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Photograph: freeimages.com/Krzysztof (Kriss) Szkurlatowski

The European Commission was considering how to respond Wednesday to concerns that reforms introduced by Poland's conservative new government may be in breach of fundamental EU values.

The Polish government has drawn strong criticism over a law giving it the power to appoint executives at the country's public broadcasters, as well as constitutional court reforms that critics say strengthen the influence of the governing Law and Justice Party.

The issue has raised tensions between Warsaw and its European partners, at a time when unity is needed within the 28-member European Union to confront the bloc's migration crisis and other pressing challenges.

The commission has the option of launching a previously unused mechanism aimed at preventing serious threats to the rule of law in the EU. Opinions were thought to differ within the bloc's executive on how to proceed.

The procedure would allow the bloc's executive to analyze the situation in a member state and draw up recommendations. In the case of non-compliance, Poland could ultimately face a suspension of voting rights in the EU.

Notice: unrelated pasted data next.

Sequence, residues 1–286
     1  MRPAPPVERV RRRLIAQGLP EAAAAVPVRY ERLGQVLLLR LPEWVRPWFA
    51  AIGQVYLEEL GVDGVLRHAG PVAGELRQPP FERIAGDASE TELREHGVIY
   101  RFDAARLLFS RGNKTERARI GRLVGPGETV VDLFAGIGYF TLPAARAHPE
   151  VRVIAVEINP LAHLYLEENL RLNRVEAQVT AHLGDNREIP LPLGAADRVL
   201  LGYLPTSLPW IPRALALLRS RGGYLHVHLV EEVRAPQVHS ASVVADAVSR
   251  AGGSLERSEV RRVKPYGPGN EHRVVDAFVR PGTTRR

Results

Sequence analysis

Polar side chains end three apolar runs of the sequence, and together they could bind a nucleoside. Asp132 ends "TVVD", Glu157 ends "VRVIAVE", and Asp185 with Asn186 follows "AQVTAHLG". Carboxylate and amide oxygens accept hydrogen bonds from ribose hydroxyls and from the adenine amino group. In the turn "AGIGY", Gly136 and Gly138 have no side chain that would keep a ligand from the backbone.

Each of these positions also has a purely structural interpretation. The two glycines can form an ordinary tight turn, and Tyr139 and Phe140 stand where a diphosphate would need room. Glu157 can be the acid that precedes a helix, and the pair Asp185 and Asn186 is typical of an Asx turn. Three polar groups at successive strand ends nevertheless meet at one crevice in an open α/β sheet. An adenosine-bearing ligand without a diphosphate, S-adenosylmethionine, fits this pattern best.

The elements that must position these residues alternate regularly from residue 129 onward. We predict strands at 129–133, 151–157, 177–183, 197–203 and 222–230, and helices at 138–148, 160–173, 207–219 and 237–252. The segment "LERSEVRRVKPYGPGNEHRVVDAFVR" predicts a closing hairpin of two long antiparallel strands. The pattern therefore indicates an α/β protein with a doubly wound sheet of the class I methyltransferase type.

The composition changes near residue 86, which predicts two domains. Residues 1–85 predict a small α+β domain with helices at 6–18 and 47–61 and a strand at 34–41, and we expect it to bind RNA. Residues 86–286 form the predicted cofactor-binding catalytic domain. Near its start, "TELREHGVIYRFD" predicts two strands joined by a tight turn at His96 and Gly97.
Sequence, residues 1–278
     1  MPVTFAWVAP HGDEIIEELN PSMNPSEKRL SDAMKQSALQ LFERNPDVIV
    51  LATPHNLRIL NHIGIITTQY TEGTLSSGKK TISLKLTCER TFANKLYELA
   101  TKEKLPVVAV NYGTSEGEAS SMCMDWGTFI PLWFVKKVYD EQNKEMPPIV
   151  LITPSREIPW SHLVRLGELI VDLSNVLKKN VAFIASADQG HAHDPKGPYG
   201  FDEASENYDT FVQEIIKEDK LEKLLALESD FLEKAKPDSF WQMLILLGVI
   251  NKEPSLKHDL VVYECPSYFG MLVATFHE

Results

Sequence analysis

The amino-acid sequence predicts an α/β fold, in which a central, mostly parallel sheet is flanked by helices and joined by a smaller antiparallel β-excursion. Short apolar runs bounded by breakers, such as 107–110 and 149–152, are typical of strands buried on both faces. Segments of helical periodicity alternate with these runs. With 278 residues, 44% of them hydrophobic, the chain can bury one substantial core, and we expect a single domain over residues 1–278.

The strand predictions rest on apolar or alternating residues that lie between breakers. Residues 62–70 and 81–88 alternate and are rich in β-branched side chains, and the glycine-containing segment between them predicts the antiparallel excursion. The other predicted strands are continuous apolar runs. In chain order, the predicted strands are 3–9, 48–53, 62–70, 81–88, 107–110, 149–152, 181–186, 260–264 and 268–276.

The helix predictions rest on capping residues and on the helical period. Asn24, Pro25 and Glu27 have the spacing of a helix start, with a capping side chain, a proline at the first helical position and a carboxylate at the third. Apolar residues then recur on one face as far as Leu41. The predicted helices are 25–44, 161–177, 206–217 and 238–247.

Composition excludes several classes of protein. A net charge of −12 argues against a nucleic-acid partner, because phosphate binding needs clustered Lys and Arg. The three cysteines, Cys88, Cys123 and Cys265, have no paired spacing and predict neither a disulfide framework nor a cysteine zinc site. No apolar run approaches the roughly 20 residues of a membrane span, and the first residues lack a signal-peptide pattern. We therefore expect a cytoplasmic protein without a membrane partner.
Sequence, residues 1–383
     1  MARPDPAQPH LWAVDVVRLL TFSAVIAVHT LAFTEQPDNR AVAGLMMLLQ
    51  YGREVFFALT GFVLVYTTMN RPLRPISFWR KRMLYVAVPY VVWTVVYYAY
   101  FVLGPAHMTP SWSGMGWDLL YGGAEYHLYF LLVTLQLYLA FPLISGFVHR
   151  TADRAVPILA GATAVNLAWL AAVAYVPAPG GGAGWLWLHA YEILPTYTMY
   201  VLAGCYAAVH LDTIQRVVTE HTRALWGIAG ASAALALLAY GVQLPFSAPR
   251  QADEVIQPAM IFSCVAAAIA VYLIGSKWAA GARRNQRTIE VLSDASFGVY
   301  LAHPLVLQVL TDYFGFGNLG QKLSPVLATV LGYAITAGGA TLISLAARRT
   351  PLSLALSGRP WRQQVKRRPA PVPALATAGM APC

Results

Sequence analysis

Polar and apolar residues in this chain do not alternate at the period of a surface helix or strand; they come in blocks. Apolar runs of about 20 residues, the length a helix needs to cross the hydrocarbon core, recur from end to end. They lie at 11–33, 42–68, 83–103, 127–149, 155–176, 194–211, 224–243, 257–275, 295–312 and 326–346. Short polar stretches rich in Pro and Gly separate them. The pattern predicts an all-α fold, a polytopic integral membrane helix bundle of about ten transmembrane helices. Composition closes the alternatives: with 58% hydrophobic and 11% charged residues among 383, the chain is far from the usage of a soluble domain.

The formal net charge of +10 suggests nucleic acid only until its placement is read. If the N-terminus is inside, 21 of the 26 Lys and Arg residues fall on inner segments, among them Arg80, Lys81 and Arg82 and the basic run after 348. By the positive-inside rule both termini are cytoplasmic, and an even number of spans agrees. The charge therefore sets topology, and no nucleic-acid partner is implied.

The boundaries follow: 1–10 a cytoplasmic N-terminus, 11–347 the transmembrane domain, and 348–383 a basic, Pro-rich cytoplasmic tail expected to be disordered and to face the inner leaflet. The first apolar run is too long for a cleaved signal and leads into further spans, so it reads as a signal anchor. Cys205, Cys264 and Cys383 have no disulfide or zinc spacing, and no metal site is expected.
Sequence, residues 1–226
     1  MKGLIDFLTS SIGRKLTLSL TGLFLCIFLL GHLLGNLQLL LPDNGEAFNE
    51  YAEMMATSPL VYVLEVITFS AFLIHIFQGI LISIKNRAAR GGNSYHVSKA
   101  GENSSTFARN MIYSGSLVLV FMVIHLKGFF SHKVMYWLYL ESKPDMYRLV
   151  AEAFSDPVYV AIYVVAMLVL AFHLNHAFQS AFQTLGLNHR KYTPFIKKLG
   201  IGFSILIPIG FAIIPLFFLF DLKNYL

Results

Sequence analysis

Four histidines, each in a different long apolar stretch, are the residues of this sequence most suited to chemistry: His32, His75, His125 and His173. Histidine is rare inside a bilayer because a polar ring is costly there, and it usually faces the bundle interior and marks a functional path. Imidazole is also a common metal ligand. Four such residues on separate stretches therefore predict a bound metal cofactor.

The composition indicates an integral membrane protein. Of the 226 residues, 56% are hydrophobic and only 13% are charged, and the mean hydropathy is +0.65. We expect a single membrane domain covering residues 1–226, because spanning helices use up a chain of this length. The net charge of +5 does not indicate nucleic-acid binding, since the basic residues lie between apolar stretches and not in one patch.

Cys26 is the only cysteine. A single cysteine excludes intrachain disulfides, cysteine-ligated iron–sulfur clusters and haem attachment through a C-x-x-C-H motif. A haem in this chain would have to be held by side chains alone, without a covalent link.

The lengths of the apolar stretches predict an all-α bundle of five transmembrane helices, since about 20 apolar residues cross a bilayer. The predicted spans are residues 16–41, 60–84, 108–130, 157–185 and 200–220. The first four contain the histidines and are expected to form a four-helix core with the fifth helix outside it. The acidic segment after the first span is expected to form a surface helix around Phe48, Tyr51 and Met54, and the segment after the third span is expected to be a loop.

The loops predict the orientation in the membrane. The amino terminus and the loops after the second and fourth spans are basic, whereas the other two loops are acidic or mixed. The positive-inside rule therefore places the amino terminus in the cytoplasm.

Commission Vice President Frans Timmermans has written to Warsaw requesting information on the new media law and expressing concern over the constitutional court reforms. Poland has responded to both, firmly defending its actions.

Polish Justice Minister Zbigniew Ziobro asked Timmermans to "exercise more restraint" and criticized him for a "lack of knowledge" about the court reforms, arguing that they sought to redress a previous bias in the system, in a response dated January 11.

On Tuesday, Commission President Jean-Claude Juncker spoke by phone to Polish Prime Minister Beata Szydlo.

He assured her during the 45-minute conversation that the Commission's discussions are "routine procedure" to better understand the country's reforms, Polish Foreign Minister Witold Waszczykowski told broadcaster TVN24.

Szydlo vowed on Tuesday not to back down from the government's reform course.

"We will not give up on the repair of the state," she said in a televised address to the TVP public broadcaster.

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